Autumn has arrived in Australia, and as the temperature starts to cool, pests and other native critters start looking for a place to hide out before winter arrives. This means that the snake population is on the move, looking for a place to brumate. It is not uncommon for a family pet like the dog to have an encounter with a snake, and if they do, would you recognise there is an issue and know to head to your closest veterinary hospital? These are the facts you need to know about dog encounters with snakes and what you must do.
Snake Bite Signs
Visible evidence of a snake bite is not always available, especially if your dog has long hair, so there are other symptoms you must recognise to determine that a snake bite has possibly taken place. These signs include the following:
- muscle tremors such as twitching or constant shaking
- unresponsive, dilated pupils
- sudden weakness or lethargy, such as the dog lying down and not wanting to get up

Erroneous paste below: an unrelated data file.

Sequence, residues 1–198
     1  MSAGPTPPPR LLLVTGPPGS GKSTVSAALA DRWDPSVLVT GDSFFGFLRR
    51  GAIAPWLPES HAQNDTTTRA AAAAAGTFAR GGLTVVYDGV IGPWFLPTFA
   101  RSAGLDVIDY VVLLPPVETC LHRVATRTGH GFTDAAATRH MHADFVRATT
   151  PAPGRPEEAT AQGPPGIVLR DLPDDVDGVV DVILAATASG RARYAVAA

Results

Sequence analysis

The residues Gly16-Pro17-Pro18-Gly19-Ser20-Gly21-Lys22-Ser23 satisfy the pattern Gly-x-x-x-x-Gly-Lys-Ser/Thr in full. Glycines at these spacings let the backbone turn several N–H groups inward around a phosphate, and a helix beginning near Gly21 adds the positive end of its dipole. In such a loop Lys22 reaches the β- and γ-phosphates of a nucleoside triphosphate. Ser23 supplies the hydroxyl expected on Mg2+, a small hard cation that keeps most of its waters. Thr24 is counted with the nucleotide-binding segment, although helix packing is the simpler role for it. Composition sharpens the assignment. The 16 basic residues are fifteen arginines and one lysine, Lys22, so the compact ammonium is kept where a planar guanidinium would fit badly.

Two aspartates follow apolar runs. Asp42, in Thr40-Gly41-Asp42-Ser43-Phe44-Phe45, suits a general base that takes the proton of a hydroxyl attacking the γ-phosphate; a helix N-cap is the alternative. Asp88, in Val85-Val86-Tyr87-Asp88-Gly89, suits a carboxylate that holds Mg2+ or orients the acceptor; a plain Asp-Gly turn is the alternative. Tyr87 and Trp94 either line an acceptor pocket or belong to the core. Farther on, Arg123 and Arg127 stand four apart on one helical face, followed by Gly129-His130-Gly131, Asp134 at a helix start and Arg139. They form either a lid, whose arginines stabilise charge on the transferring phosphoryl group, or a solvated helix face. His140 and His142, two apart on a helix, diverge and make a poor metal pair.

- blood in the urine stream
- frothing at the mouth
Any or all of these signs are an indicator that something serious has occurred and that you must immediately take your pet to the closest veterinary hospital.
When taking your dog to the vet, they must be transported carefully to slow the spread of snake venom through the body. If you can see evidence of a snake bite, apply a pressure bandage around the wound site to keep the venom in place. Do not apply the bandage tightly enough that it stops blood flow as this is dangerous for your pet.
Once the bandage is in place, carry your dog to the car; don't allow them to walk. Next, lay them on the back seat of your vehicle and have someone sit with the pet if possible. Their job is to soothe your dog and keep them lying down while you drive to the veterinary hospital.
The sooner you get your dog to the veterinary hospital, the more likely it is that they can be saved from death. The vet will check for evidence of a snake bite and apply an anti-venom once that evidence is found. A dog typically recovers within a couple of days if the anti-venom is administered quickly enough. If you suspect your dog may have had an encounter with a snake, use this information to help you get your dog the help they need.
To learn more, contact a veterinary hospital.